Posted Tuesday 24 May 2011
Athletes who have taken banned drugs but deny having done so are likely to manipulate their answers on questionnaires to make themselves fit the image of someone who is 'clean' and strongly anti-doping, according to new Kingston University research.
In the study, funded by the World Anti-Doping Agency, a team headed by Professor Andrea Petroczi from Kingston's School of Life Sciences surveyed 82 athletes competing at various levels on an anonymous basis. They found patterns in the answers of those who denied using any prohibited performance-enhancing drugs which indicated they were deliberately trying to cover their tracks. "This has major implications for research where the aim is to establish the reasons why athletes take illegal drugs since the vast majority of such studies are based purely on questionnaires," Professor Petroczi explained.
The athletes' self-declared 'clean' status on the questionnaire was checked using hair analysis - those taking part were asked to provide a hair sample which was tested for commonly used anabolic steroids, erythropoietin (often known as EPO) and major recreational drugs. "Having the opportunity to combine social science techniques with analytical chemistry in this way was a real advantage and it's an approach we will definitely be using again," Professor Petroczi said.
"The really interesting group included those people who denied using any drugs but then tested positive," she said. "This group appeared to have manipulated every aspect of the questionnaire they filled in to fit the typical profile of what they thought would be a non-user." The athletes were asked questions about their attitudes towards doping, such as how much pressure they felt to take performance-enhancing drugs. Professor Petroczi's team found distinct patterns in responses suggesting that they had faked their answers in accordance with how they believed someone who was 'clean' would have replied.
The athletes were also asked to complete a brief computerised word-sorting task using a concept known as the Implicit Association Test (IAT). This was designed to look like a game but was actually used to work out the athlete's attitude to banned substances. Participants were asked to sort a mix of doping-related words, vitamins and foodstuffs, and words representing 'good' and 'bad' into categories as quickly and accurately as possible. Professor Petroczi said it was much more difficult for athletes to cheat on this test. The difference in how quickly people could complete the various combinations required was revealing in terms of how uppermost these concepts were in their minds.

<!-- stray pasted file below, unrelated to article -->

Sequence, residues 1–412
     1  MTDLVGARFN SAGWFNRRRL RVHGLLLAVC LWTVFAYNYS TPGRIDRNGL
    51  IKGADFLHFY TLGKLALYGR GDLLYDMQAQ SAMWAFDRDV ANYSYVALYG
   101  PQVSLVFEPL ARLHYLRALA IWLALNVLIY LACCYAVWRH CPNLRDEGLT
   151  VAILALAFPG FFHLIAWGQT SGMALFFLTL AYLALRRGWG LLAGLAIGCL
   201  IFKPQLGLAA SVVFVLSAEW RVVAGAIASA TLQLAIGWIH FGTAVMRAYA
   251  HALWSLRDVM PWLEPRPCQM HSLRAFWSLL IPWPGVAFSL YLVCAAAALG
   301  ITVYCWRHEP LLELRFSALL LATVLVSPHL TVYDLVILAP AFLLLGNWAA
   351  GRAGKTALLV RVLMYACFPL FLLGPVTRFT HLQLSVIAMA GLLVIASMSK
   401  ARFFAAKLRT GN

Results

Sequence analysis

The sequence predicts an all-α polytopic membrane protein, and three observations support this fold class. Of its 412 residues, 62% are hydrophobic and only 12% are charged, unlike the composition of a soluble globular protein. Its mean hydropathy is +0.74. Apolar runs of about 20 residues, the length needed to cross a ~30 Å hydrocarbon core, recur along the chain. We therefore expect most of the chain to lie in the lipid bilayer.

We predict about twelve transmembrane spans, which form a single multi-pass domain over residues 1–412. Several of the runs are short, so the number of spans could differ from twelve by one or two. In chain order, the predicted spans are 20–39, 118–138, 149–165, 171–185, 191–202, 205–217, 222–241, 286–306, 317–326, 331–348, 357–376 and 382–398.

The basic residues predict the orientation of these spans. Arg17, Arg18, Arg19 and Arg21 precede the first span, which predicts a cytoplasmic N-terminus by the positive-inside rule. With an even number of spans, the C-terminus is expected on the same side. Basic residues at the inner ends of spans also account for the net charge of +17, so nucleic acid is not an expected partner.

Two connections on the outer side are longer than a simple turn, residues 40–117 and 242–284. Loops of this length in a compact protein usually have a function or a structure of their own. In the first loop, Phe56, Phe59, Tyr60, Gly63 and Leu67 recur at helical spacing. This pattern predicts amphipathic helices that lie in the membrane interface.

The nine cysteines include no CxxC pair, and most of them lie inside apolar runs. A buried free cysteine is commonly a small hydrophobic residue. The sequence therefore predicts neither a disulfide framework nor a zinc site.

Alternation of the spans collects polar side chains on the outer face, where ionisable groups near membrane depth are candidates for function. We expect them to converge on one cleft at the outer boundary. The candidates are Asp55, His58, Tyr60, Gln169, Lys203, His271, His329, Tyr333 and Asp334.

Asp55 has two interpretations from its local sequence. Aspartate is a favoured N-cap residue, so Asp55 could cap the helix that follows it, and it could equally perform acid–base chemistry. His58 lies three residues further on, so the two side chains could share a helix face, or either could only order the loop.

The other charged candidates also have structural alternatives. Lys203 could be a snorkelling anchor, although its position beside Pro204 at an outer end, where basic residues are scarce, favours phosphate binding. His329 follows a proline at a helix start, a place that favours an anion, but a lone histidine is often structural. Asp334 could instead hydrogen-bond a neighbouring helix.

"Large-scale doping behaviour research needs to change because the clear message is that you cannot trust what individuals say about themselves on questionnaires - just because it's anonymous doesn't mean people will be honest," Professor Petroczi said. "People may be deliberately lying or even unwilling to admit things to themselves. This whole field would benefit greatly from using different research methods - for instance by using such indirect approaches as the IAT computerised test which has alternative measures that go beyond questionnaires completed by individuals."
The World Anti-Doping Agency (WADA) provided more than £25,000 towards the study. "WADA welcomes research that helps in the fight against doping in sport. We expand our knowledge-base from a wide variety of sources, and research like this is extremely useful," WADA's Director of Education and Program Development, Rob Koehler, said.
Further research will now be carried out to help refine the methodology and Professor Petroczi will also be developing the computerised word-sorting test. "The hope is that in future this could lead to better ways of identifying why athletes take drugs, which in turn could help put a stop to doping in sport," she said.